From the 16 April 1875 issue of The New York Times.

ROBERT E. LEE ON SECESSION IN JANUARY 1861.

At the entertainment for the benefit of the Lee Memorial, in Baltimore on Saturday, Mr. S. Teackle Wallison delivered an address, in the course of which he read an extract from an unpublished letter of Gen. Lee, introducing it as follows: “And here I am permitted by the kindness of a friend to read some extracts from a letter of the illustrious soldier, which has never seen the light before, and which will show through what sad struggles of both heart and mind he passed to what he felt to be his duty. I doubt not—nay, I know that many a gallant gentleman who fought beside him, and many another in the opposing host, grieved with as deep a grief as Lee, to draw his sword. The letter that I speak of bears the date of Jan. 16, 1861, and was written from Fort Mason, near San Antonio, in Texas. It was addressed toa young lady, a relative of his, for whom he had great affection, and the passages of which I speak were written as a message to her father. Alluding to the homes of two families of friends he said:”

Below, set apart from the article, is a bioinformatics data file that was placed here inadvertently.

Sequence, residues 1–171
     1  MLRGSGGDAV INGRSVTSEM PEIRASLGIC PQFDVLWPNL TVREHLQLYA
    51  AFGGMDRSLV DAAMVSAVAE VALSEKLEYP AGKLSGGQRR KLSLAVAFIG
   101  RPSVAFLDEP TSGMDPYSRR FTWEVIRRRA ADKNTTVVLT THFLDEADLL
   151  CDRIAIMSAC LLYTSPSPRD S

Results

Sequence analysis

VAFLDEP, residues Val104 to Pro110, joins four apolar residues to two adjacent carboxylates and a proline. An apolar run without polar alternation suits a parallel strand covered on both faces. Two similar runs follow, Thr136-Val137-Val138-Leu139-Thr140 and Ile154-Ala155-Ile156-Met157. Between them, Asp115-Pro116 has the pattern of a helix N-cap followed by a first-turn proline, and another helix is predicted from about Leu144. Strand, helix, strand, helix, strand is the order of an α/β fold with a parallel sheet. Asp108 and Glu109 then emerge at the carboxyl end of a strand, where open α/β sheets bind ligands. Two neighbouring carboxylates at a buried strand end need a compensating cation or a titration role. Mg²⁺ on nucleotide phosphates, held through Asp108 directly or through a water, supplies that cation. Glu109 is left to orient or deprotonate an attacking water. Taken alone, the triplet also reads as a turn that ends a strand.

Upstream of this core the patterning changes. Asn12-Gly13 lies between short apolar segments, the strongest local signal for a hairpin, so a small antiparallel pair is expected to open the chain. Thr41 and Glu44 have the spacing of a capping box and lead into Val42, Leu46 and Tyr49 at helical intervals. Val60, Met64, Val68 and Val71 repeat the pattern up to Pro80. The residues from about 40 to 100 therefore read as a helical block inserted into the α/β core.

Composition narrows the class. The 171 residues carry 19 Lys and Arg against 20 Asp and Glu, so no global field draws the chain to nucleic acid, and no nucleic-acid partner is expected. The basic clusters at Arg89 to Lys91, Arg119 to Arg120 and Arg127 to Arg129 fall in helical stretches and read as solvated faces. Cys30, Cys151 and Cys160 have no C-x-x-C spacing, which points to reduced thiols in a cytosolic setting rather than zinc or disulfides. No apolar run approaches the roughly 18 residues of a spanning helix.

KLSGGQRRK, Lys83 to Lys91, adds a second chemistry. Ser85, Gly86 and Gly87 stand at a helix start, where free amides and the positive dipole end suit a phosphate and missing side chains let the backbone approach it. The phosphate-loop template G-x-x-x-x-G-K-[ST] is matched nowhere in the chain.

“I think of the occupants of both very often, and hope some day to see them again. I may have the opportunity soon, for if the Union is dissolved I shall return to Virginia to share the fortune of my people. But before so great a calamity befalls the country I hope all honorable means of maintaining the Constitution and the equal rights of the people will be first exhausted. Tell your father he must not allow Maryland to be tacked on to South Carolina before the just demands of the South have been fairly presented to the North and rejected. Then, if the rights guaranteed by the Constitution are denied us, and the citizens of one portion of the country are granted privileges not extended to the other, we can, with a clear conscience, separate. I am for maintaining all our rights, not for abandoning all for the sake of one. Our national rights, liberty at home and security abroad, our lands, navy, forts, dockyards, arsenals, and institutions of every kind. It will result in war I know, fierce, bloody war. But so will secession, for it is revolution and war at last, and cannot be otherwise, and we might as well look at it in its true character. There is a long message, A—, for your father, and a grave one, which I had not intended to put in my letter to you, but it is a subject on which my serious thoughts often turn, for as an American citizen I prize my Government and country highly, and there is no sacrifice I am not willing to make for their preservation, save that of honor. I trust there is wisdom and patriotism enough in the country to save them, for I cannot anticipate so great a calamity to the nation as the dissolution of the Union.”